The government on Saturday released maps showing picnic areas at the Miżieb and Aħrax woodland areas, as it defended a controversial deal granting the hunters' federation guardianship of the two Mellieħa sites.
In a statement, the government said the agreement merely "formalised and regularised" what had already been in practice for decades and insisted the public would enjoy the same "free access" to the reserves as it always had.
The three-year agreement, handing over the management and operation of the sites, despite public outrage, to Federazzjoni Kaċċaturi Nassaba Konservazzjonisti, was signed in a private meeting on Friday.
Its terms on public access are vague, stating only that the sites will be accessible except during specific hours in the hunting seasons: which are open for two weeks in spring and five months between September and January.
A Memorandum of Understanding concerning the two sites makes even less specific commitments and only states that FKNK must ensure public access to "all public passageways and thoroughfares".
The government insisted on Saturday that public roads and passages would remain open at all times and new camping sites would be added to the existing picnic and camping areas, which new obligations would be imposed on the FKNK to ensure the environment was safeguarded.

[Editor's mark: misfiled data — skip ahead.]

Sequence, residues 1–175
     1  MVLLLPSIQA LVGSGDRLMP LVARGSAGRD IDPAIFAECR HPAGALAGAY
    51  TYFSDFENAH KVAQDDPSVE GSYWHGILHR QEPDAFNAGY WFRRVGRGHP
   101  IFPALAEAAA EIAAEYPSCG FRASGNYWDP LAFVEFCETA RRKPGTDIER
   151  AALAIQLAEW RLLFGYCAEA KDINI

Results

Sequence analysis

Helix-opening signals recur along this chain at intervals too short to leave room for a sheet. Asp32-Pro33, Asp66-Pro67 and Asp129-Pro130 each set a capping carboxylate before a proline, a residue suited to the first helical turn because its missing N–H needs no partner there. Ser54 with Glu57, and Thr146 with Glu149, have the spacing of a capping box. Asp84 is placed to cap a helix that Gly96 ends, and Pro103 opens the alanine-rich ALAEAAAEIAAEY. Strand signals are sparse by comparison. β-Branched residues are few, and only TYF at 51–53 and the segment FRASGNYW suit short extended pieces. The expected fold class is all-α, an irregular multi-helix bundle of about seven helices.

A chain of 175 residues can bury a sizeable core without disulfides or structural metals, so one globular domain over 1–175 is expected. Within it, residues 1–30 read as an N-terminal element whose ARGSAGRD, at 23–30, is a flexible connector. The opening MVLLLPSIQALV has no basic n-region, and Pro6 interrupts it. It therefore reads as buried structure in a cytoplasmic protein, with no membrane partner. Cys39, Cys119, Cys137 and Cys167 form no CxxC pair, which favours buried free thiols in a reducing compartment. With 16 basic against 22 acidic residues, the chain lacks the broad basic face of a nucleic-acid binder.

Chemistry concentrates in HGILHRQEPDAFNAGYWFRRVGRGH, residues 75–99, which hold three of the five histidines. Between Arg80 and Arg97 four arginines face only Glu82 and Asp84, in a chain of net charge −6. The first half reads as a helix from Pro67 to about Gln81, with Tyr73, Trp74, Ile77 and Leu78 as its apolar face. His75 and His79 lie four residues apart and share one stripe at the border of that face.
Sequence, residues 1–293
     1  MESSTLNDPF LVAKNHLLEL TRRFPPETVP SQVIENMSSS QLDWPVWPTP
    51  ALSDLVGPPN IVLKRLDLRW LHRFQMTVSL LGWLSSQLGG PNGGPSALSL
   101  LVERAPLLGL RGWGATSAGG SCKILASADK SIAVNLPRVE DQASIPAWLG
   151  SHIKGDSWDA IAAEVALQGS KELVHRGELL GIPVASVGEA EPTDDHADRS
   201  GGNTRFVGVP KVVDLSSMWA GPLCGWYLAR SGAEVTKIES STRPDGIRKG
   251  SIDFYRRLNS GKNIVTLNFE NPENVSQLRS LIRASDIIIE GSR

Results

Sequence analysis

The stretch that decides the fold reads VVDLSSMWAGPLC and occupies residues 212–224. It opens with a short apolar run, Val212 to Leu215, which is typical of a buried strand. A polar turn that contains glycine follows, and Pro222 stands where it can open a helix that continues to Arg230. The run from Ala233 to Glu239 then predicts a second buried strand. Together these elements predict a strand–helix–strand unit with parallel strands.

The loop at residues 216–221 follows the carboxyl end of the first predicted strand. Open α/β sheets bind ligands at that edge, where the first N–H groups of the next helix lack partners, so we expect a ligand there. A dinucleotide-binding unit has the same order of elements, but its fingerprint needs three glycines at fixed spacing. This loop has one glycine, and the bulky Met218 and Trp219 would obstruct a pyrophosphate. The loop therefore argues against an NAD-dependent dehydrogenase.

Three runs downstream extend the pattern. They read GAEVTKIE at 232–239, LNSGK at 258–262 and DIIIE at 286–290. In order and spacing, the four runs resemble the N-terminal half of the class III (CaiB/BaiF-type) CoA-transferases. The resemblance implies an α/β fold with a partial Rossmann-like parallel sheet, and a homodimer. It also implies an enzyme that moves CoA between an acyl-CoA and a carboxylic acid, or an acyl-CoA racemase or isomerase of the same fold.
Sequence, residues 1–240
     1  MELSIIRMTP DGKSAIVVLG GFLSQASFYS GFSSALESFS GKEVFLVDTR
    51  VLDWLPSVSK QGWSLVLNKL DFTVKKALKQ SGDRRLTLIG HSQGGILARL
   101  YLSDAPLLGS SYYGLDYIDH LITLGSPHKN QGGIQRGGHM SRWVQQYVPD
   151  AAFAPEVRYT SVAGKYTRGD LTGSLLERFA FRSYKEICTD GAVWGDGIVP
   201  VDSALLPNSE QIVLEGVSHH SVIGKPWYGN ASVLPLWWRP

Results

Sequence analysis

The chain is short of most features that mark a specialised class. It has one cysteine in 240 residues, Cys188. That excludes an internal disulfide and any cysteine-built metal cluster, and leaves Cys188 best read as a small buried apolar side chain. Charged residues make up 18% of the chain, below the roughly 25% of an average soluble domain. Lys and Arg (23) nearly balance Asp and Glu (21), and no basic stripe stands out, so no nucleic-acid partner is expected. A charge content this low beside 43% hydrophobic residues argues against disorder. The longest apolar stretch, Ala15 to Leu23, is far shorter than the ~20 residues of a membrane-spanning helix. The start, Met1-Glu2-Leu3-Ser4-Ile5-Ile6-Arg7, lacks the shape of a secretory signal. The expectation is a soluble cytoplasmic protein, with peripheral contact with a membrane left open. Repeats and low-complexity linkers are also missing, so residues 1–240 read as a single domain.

It published maps of picnic areas at the two sites, though it is not clear whether these areas will benefit from different terms of access to the rest of the sites, which together account for an area five times the size of Buskett.
"The Aħrax and Miżieb reserves have been administered by the FKNK, under different administrations, for the past 34 years," the government said. "The Federation, with the help of its members and volunteers, had always taken great care of the area, by cultivating trees, and mantaing kilometres of rubble wall. The result of such care can be seen in both areas where there are many endemic trees and flora and fauna that can be enjoyed by all those who visit or pass by."
Denying claims of secrecy by arguing that the terms of the deal had been published in full, the government said the agreement was no different to that signed with Birdlife Malta to administer the Salini nature reserve, close to Miżieb and approximately 18 times smaller.
"One stark difference between the Miżieb/Aħrax agreement and that of Salini is that Birdlife receive financial assistance every year to administer and safeguard the Salini reserve and a number of government employees help with the management," the government said.
"In contrast, the Miżieb/Aħrax reserves will be administered solely by FKNK, who will shoulder all management expenses. These include the safeguarding of the natural habitat, taking good care of trees, maintenance of rubble walls, etc. The Government will not be providing any financial aid."
The deal has been slammed by a coalition of more than 60 NGOs, with a protest planned for Sunday afternoon in Miżieb. The signing ceremony was originally scheduled for that day but was secretly moved forward to Friday after news of the wrapped-up deal broke on Wednesday.